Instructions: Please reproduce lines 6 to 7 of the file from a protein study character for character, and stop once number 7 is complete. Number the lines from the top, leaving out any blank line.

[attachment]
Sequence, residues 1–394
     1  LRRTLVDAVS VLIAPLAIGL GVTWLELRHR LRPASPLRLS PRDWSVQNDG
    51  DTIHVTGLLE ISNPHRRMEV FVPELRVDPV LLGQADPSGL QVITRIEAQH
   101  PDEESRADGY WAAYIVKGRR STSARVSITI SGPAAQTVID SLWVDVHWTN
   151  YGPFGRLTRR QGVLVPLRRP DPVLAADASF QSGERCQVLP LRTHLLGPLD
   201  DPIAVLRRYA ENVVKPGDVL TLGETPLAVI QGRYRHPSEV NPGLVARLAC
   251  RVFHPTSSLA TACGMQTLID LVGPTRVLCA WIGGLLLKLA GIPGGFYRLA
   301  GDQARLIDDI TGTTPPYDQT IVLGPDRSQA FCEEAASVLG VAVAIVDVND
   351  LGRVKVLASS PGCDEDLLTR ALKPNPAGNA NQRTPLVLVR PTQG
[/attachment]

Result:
   201  DPIAVLRRYA ENVVKPGDVL TLGETPLAVI QGRYRHPSEV NPGLVARLAC
   251  RVFHPTSSLA TACGMQTLID LVGPTRVLCA WIGGLLLKLA GIPGGFYRLA